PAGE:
Heavy metal bioavailability in mine drainage-receiving constructed wetland plants
"Mine drainages containing heavy metals pose a threat to biota because of their toxic effects, and wetlands provide a viable treatment option because of their low cost and high efficiency of metal uptake. The removal mechanisms involved in the wetland treatment process are various and plant uptake is one of these mechanisms. However, plant uptake can potentially cause metal transmission into the food chain. This study aimed to gain a better understand of the impact that is caused by interactions between plants and trace metals in wetlands receiving mine drainage"--Abstract, leaf iii.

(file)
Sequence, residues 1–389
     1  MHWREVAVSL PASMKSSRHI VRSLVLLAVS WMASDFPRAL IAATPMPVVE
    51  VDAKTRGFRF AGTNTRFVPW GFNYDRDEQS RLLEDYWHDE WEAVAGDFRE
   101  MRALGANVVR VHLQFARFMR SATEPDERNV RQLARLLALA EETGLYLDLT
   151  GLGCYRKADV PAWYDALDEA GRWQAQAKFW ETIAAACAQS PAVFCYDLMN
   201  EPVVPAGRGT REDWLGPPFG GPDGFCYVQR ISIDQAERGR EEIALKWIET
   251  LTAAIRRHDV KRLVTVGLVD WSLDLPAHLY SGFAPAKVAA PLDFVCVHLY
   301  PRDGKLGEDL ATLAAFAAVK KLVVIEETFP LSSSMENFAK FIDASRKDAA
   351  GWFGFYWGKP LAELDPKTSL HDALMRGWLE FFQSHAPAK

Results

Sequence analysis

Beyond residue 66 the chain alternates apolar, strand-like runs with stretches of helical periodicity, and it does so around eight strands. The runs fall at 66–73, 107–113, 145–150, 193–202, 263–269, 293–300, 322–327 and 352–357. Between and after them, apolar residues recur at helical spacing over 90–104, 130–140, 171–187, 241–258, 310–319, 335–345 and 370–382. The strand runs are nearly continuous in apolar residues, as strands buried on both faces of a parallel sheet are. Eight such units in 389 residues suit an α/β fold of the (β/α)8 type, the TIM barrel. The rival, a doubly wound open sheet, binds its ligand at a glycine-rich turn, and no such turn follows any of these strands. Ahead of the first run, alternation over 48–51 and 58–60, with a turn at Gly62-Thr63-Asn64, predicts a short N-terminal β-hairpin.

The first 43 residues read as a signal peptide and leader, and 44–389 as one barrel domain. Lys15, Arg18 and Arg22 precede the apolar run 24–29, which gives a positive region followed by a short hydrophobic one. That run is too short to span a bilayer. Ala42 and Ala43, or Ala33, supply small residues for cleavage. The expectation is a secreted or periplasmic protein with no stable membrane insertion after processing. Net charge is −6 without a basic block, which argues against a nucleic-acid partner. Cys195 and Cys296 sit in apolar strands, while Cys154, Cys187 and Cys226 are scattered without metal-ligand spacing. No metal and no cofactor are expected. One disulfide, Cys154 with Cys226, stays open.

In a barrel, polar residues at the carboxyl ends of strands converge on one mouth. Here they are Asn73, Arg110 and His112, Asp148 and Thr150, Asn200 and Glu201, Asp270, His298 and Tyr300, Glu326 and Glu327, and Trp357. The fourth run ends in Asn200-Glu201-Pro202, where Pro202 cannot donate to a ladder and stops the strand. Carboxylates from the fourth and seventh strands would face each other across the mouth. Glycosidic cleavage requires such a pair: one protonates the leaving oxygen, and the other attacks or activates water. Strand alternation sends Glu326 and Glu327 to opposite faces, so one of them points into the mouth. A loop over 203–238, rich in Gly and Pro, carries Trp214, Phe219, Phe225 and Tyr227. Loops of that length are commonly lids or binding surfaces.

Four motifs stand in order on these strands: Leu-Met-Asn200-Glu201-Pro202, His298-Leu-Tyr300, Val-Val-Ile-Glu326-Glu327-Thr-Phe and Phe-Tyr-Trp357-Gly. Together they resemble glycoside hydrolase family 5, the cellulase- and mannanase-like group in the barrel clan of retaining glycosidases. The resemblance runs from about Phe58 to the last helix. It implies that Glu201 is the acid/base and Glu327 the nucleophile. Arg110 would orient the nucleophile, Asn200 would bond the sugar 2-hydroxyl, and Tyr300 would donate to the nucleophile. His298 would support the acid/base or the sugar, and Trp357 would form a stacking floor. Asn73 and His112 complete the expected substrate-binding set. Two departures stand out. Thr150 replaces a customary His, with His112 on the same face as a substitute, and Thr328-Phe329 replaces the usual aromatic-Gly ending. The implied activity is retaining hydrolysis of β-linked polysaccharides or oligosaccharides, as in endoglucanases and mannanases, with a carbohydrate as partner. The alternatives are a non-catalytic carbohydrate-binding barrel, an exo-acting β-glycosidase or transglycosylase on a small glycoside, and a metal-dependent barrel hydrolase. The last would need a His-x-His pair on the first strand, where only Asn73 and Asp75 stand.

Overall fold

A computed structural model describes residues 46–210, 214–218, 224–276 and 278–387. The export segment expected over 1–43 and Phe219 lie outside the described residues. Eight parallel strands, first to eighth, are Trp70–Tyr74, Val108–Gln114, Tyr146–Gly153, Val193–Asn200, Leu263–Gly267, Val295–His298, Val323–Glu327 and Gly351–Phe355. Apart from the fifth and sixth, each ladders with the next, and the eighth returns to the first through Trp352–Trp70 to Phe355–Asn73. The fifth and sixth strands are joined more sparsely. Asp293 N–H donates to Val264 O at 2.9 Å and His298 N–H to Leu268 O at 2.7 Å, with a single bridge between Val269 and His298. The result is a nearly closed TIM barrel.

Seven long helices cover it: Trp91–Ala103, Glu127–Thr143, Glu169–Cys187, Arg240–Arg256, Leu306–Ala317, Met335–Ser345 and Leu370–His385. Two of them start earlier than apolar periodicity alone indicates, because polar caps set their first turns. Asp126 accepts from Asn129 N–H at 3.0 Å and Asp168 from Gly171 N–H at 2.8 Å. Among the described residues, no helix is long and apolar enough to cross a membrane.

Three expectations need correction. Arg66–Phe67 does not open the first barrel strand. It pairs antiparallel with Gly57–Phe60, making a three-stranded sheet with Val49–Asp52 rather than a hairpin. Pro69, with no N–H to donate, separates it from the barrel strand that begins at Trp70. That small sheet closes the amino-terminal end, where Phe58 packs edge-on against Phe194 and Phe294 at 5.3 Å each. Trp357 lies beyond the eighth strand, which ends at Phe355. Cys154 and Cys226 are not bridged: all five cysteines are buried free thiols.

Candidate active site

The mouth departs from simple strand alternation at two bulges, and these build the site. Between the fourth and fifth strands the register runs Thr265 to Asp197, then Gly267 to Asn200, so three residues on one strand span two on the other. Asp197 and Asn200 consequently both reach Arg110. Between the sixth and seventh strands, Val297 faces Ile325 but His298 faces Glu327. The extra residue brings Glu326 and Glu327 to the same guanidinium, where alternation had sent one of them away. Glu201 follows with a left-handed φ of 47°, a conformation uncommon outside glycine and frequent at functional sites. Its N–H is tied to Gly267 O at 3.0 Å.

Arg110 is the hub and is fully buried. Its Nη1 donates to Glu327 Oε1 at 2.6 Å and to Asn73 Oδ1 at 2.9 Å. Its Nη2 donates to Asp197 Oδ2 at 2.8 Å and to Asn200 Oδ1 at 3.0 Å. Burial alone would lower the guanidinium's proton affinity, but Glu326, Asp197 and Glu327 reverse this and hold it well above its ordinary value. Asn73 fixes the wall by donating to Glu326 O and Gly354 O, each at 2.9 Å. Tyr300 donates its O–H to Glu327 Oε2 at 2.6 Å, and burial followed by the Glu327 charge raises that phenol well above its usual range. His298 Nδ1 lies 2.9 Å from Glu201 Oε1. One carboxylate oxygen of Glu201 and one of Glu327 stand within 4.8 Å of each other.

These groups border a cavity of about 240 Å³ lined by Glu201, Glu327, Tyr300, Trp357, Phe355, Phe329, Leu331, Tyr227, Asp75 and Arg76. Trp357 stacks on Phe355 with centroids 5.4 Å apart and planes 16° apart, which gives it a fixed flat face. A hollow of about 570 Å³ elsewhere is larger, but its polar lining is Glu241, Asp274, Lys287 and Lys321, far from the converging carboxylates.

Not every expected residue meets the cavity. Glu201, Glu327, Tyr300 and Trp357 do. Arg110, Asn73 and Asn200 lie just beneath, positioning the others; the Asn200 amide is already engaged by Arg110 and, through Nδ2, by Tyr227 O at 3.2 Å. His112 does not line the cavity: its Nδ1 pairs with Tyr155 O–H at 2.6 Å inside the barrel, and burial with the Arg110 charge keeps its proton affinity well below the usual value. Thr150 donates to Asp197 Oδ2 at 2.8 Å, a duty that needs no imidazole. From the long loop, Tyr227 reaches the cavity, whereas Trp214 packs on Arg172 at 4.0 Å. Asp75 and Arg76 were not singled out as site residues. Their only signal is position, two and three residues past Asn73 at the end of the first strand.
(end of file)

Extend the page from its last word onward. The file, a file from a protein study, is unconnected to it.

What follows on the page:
Fitch, Mark W.
Burken, Joel G. (Joel Gerard)
Civil, Architectural and Environmental Engineering
M.S. in Environmental Engineering
University of Missouri--Rolla
ix, 98 leaves
© 2006 Cem Selman, All rights reserved.
Thesis - Citation
Library of Congress Subject Headings
Acid mine drainage -- Environmental aspects
Plants -- Effect of heavy metals on
Soils -- Heavy metal content
Print OCLC #
Link to Catalog Record
Full-text not available: Request this publication directly from Missouri S&T Library or contact your local library.http://laurel.lso.missouri.edu/record=b5747422~S5
Selman, Cem, "Heavy metal bioavailability in mine drainage-receiving constructed wetland plants" (2006). Masters Theses. 3829.